18
by Don | Jun 4, 2008 9:08:21 PM

One handed operation is what it is all about for me. The screen keyboard is a HUGE drawback for me in this way so I am really looking for to the 800w. WIFI, faster cell data services and GPS will put it way over the top. A 2 MP camera would be really helpful too. Windows media on my current 700w works great especially for streaming music. You can get a refurbed 700w for $99 which makes it extremely compelling right now if you don't have one.

19
by one handed | Jun 5, 2008 10:26:26 AM

Don,

Have you ever tried an iPhone?

I was skeptical of the keyboard, too.

After five minutes of using iPhone, though, for me it is very much faster and more accurate for one-handed typing than my Palm.

If the Palm is in a case, it is even worse. The case just interferes with everything, from typing to scrolling.

The Palm requires a case more than iPhone, because of all the openings that can gather dust when in pocket or purse.

Your mileage may vary, but iPhone kills Palm in this regard, in my opinion.


20
by 3v.mike | Jun 9, 2008 5:26:57 PM

IMHO

The new NOVA OS has to be something stellar for palm to have any hope of competing in todays market. Currently I have a palm treo 700p and I love it, I've tried everything, BB,HTC,Windows Mobile, everything else for verizon is terrible. I think the iphone is great, I think the os is elegant, I like the form factor, I don't have a problem with the on screen keyboard. What I can't stand about the iphone is that I have to have att to use it. I've never had a good experience with using att both myself and calling att subscribers from my verizon phone. I don't like being forced to use one subscriber simply to get a device. If apple had come up with a plan to release both a GSM and CDMA version of the Iphone, then palm should have packed up and left the market. Since they did not Palm has one, last chance to do something bold.

PS. whatever it is, it's got to be pretty fantastic to rival the iphone

21
by Scott | Jun 9, 2008 8:35:20 PM

3v.Mike, I know there's one thing you haven't done with your Plam OS Treo...Move an email from the inbox to a folder that you have in outlook from it. Or how about this one, create a calendar appointment on your palm os treo and have it actually show up in your desktop mailbox.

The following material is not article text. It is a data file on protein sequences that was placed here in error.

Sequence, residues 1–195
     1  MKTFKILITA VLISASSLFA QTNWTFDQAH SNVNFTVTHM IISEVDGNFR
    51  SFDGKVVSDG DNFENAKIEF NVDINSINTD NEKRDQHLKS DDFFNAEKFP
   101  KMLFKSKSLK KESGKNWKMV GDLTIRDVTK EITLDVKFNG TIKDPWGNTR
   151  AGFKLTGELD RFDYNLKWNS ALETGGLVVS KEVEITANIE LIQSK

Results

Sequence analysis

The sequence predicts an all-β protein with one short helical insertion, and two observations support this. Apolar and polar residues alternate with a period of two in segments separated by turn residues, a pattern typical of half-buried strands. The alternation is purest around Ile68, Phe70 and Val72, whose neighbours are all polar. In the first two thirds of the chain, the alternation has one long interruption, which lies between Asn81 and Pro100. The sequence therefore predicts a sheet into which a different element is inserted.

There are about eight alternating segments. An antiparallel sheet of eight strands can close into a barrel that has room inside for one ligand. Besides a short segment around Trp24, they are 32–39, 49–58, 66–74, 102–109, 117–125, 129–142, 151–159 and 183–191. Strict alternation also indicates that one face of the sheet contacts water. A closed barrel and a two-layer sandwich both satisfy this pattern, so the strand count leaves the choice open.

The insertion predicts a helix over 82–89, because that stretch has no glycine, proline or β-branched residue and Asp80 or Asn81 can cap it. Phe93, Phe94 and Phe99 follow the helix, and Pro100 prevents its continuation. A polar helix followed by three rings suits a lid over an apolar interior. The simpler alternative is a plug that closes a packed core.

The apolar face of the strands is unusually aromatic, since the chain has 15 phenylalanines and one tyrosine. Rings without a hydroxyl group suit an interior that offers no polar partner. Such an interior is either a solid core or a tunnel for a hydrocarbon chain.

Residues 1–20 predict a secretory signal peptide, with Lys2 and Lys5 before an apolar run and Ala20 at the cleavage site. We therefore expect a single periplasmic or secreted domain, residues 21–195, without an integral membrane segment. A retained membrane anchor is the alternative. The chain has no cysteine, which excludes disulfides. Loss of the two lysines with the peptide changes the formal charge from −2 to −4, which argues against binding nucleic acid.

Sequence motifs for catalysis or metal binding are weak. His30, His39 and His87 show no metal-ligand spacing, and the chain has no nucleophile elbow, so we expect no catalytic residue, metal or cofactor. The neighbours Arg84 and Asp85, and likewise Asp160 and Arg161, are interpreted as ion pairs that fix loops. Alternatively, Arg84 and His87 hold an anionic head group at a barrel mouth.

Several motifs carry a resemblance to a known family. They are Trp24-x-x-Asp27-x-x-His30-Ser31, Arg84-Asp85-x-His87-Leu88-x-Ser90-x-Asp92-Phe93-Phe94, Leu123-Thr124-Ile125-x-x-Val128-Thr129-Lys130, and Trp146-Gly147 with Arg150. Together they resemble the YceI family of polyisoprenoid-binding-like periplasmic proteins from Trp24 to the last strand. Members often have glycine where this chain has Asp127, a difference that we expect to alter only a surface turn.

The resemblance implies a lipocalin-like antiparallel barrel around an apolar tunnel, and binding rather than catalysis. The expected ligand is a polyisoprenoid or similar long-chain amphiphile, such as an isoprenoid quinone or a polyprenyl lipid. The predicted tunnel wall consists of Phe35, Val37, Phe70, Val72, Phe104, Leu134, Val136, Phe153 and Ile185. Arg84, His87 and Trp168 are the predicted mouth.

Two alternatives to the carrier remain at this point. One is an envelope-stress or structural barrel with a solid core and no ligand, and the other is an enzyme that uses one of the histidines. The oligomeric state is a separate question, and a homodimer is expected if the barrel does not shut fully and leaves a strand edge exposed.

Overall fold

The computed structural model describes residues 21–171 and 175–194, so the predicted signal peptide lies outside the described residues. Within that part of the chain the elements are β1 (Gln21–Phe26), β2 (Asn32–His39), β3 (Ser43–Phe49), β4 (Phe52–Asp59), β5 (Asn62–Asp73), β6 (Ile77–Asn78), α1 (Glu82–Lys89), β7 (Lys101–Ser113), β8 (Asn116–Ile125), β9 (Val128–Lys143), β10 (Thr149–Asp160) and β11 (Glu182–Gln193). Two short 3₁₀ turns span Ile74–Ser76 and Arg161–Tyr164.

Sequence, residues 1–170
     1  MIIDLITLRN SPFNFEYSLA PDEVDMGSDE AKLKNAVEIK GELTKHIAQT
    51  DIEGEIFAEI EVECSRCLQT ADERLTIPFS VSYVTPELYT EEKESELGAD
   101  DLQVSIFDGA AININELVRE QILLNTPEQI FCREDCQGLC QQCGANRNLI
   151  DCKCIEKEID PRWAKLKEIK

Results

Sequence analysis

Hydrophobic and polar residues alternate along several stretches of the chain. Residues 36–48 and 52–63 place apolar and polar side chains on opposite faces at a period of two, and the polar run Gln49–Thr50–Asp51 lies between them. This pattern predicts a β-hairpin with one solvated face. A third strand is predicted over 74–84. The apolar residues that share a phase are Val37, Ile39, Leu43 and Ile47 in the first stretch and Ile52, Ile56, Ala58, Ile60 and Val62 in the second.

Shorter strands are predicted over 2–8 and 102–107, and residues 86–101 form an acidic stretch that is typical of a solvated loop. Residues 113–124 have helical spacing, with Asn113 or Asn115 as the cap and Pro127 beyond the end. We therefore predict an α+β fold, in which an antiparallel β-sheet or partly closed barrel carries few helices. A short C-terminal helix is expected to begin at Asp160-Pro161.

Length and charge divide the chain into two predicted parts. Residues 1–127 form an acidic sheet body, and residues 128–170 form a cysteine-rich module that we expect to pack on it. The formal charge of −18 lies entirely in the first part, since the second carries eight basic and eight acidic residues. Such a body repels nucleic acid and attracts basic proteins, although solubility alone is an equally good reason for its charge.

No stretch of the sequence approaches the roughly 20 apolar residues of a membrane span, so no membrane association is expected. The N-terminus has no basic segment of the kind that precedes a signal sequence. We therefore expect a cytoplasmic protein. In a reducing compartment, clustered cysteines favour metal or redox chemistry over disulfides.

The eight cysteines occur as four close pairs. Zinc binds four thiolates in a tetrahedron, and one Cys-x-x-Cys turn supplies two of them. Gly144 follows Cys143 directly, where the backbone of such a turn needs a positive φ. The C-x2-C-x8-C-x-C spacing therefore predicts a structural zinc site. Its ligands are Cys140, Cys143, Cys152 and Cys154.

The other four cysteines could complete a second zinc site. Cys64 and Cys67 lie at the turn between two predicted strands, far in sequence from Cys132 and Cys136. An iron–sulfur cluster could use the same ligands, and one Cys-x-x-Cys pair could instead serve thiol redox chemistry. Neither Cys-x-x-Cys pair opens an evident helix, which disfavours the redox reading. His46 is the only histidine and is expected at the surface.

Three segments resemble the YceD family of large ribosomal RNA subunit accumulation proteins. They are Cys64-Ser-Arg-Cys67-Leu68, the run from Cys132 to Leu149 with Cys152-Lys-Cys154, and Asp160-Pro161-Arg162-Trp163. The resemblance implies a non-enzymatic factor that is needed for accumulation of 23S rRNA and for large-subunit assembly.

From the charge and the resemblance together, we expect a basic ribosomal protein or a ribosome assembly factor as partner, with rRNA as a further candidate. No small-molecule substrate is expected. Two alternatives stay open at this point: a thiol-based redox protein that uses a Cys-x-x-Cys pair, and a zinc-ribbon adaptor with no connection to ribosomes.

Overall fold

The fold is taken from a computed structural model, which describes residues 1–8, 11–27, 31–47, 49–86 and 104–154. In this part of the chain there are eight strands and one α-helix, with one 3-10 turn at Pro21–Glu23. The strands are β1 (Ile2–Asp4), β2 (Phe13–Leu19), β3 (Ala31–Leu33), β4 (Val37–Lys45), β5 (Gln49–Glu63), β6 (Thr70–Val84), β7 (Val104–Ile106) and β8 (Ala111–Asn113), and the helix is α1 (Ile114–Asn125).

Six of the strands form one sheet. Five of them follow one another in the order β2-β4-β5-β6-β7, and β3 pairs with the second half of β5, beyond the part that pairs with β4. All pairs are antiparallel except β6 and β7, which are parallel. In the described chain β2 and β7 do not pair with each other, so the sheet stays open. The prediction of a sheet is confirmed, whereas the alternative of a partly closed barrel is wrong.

I've primarly used WM devices, got bored with my last treo 700wx and decided to give palm OS another try (700P for a few days when it first hit VZW and currently for the last few months a 755P) and while it serves the purpose for the most part (yea, it gets emails, calendar items, contacts etc) it just is so incredibly lacking in other areas.

I thus would agree with the mention in this article of concentrating the palm os for the consumer and wm for the enterprise....

Just 34 more days till I can get my hands on the 800w - CAN'T WAIT! This 755P is hitting ebay July 6th, good riddens!

22
by Chuck Mc | Jul 14, 2008 7:13:44 PM

Do you suppose Verizon will allow the GPS functionality, which would compete with their lucrative VZ Navigator functionality?

23
by John | Nov 8, 2008 7:37:24 PM

Been waiting on the Treo 800w for many months now. What are the latest rumors about a release date for Verizon? Q3 is over; we are now in Q4.
Thanx. jmm

24
by Larry | Dec 16, 2008 8:58:23 AM

I heard from our B2B Verizon rep that the 800w has been nixed entirely. He is saying that all Palms have been pulled because of reliabilty issues. I have found it to be true that you cannot even find a 700wx in the store anymore.